The Maginot Line
During the course of the current pandemic crisis, received wisdom about globalism and free-market economics—indeed capitalism itself—has taken a heavy beating. In less than a blink of an eye, we’ve witnessed a violent overthrow of the cherished assumption that the so-called “laws of supply and demand”—known to true believers as “the magic of the marketplace”—are capable of responding quickly to, say, a microscopic virus that seems to easily get around human immunological defenses. Americans, normally devout parishioners of the Free Market Church, are having trouble understanding the serious lack of ventilators in hospitals, the scarcity of specialized swabs for virus tests, and the shortage of protective masks. It’s hard for them to believe that the logistical chain required to produce those urgently needed articles, often dependent on cheap labor, originates very far from where they live. Or that there’s not sufficient production in American factories. Or that it was communist China that delivered the first shipment of emergency medical supplies to New York from abroad in a specially organized “air lift.”
In spite of President Trump’s increasingly interventionist actions in recent weeks, I don’t think capitalism is on the verge of disappearing. But in the aftermath of this crisis, one might hope for a return to a healthy consideration of the benefits of democratic socialism, and of the idea that a government operating without a profit motive can do a better job of protecting its citizens—by preparing for catastrophes well in advance, rather than being blinded by short-term greed. People living in Canada or Britain are lucky in that they aren’t stuck in a one-sided political system whose starting point is the celebration of the “entrepreneur” and his victories in the world of finance and marketing.
I realize, of course, that the United States isn’t exceptional in its tendency to delude itself in the face of disturbing reality and existential dangers. My readers by now know my bias in favor of the French social model as compared with the American model. In the midst of a pandemic, I strongly prefer to listen to the declarations of French President Emmanuel Macron than to the nonsense spouted by President Trump. Trapped in my apartment with more time than usual to rummage around in my bookshelves, I began to reread the war memoirs of Charles de Gaulle, who from the very first hours of World War II was a leader in the struggle of the French Resistance against the Nazi virus that began to spread in France in June 1940. And sure enough, his muscular, lucid prose had a tonic effect, giving me encouragement if not wisdom. But at the same time, de Gaulle’s tale is a succinct account of France’s blindness and defeatism that bears similarities to the current crisis. Having recognized the new threat from the German side of the Rhine very soon after Adolf Hitler’s accession to power in 1933, de Gaulle ceaselessly advocated the creation of a new mechanized army—fast-moving armored divisions with a mixture of light and heavy tanks, supported by attack aircraft, which could as their primary function mount a preventive assault or, in the case of a newly aggressive Germany, rapidly counterattack.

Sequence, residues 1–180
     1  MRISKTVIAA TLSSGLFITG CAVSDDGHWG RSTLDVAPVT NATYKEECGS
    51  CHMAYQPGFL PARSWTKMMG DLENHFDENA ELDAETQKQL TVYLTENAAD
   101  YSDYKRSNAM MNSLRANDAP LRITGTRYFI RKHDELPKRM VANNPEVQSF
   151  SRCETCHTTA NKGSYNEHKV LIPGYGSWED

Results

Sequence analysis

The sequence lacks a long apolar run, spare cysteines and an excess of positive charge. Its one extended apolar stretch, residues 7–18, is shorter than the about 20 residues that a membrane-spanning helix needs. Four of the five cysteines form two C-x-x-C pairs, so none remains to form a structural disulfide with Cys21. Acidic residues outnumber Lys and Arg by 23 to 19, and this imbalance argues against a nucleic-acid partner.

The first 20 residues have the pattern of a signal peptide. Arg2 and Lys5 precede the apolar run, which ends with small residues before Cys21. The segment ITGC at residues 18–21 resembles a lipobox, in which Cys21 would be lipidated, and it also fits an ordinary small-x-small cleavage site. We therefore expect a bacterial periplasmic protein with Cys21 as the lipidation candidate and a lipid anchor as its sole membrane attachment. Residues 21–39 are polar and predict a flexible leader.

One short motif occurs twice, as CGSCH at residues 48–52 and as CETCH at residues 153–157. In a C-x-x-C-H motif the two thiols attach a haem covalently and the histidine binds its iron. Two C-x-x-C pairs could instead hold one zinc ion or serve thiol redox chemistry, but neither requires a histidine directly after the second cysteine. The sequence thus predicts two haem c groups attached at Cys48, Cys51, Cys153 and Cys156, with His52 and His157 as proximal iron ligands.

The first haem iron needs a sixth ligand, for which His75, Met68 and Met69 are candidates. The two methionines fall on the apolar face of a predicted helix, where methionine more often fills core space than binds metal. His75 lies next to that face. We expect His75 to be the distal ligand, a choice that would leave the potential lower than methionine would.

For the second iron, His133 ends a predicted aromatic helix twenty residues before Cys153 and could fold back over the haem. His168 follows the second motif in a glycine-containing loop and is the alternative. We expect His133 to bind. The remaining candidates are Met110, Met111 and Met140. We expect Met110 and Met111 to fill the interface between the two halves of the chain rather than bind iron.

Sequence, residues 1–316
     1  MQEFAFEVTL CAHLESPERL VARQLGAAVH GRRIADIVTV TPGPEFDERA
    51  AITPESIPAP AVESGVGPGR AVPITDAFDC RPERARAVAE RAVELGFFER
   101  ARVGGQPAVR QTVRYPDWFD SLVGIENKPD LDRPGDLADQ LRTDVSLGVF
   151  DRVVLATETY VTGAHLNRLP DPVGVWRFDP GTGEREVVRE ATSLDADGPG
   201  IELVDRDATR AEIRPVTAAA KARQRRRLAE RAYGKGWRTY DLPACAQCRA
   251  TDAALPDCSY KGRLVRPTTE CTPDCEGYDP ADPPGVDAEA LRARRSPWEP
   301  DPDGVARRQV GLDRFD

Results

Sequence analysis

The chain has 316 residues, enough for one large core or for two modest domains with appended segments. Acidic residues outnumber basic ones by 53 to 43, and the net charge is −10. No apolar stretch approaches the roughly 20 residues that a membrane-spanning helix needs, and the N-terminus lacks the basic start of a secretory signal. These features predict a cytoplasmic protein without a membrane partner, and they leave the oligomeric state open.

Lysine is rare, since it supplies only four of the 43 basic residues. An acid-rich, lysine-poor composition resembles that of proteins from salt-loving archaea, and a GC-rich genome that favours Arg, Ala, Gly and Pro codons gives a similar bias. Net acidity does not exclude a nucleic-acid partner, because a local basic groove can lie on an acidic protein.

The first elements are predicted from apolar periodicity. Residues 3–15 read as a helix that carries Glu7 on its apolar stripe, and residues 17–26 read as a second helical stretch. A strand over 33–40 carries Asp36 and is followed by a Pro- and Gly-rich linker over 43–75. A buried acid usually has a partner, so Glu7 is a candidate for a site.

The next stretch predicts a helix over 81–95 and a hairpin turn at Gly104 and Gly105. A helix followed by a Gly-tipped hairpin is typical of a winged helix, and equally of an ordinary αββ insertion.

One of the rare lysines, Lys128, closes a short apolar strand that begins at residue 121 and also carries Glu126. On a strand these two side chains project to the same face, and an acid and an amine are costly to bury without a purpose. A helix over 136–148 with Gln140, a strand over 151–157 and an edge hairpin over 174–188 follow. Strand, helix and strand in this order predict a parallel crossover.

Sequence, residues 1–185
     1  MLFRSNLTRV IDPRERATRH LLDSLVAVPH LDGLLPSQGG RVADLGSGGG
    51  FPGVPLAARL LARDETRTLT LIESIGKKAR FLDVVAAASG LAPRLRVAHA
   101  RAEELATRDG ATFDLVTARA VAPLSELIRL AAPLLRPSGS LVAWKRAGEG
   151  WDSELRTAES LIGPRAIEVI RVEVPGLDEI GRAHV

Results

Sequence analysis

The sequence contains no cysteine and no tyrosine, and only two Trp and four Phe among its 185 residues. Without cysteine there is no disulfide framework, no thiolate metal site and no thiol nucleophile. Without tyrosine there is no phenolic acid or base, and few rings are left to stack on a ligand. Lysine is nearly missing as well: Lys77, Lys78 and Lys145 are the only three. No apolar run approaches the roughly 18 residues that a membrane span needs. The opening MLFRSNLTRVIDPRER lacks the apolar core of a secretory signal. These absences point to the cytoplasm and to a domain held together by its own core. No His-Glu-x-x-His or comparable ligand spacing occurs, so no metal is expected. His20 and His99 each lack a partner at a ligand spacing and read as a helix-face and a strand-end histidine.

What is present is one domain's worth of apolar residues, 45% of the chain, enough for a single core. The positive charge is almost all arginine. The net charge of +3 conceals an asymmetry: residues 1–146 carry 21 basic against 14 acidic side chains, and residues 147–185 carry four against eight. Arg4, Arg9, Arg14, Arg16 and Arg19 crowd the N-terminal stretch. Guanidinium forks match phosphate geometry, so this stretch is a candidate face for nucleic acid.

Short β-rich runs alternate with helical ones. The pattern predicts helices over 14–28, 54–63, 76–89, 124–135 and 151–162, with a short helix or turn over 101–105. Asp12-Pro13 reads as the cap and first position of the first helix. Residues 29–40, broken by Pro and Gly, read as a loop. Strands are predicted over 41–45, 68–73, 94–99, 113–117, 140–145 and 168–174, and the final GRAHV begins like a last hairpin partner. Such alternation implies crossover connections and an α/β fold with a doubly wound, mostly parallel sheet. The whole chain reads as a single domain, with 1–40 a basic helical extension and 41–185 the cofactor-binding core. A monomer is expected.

Colonel de Gaulle’s farsightedness was greeted by the French military and successive governments with at the best indifference and at the worst hostility. Frozen in orthodoxy and the received wisdom of the time, the established order stubbornly insisted on reinforcing the Maginot Line—fixed military fortifications at the border between France and Germany—with the goal of repulsing a direct attack, a strategy both passive and strictly defensive. De Gaulle’s 1934 book, Vers l’armée de métier (“The Army of the Future”), sold very poorly in France, but it was translated into German and read by the Führer’s advisers (de Gaulle writes that he was “informed that [Hitler] himself had had [my] book read to him”). In March 1938, when Hitler merged Germany and Austria in the Anschluss, he was supported by a mechanized division that presaged the blitzkrieg, which two years later reached France by invading Belgium, thus bypassing the Maginot Line. In his memoirs, de Gaulle can only sigh about the establishment’s reaction to the military display that accompanied the Anschluss: “The authorities in France, far from taking this harsh demonstration into account, set about reassuring the public by ironically describing some breakdowns that affected a few German tanks in the course of their forced march.”
Donald Trump reminds me of the authorities in prewar France. Instead of confronting the real enemy, he offers a never-ending stream of sarcastic and insulting remarks on the subject of his perceived enemies: the Chinese, Democratic governors, journalists, anyone who disagrees with or questions him. He seems to consider himself a kind of Maginot Line, a barrier against COVID-19, standing firm in the face of the virus’s attacks on his capitalist homeland. His ignorant wish to reopen the economy by Easter with “packed churches” (a statement he later walked back) recalls a conversation between de Gaulle and former French Prime Minister Léon Blum in January 1940, five months before Germany’s invasion of the country. In the course of their talk, de Gaulle gave Blum his analysis of Hitler’s military choices, which, as he saw them, came down to two possibilities. When spring came, de Gaulle observed, Hitler would attack either “westward to take Paris or eastward to reach Moscow.” “Attack westward?” Blum replied in surprise. “But what could they do against the Maginot Line?”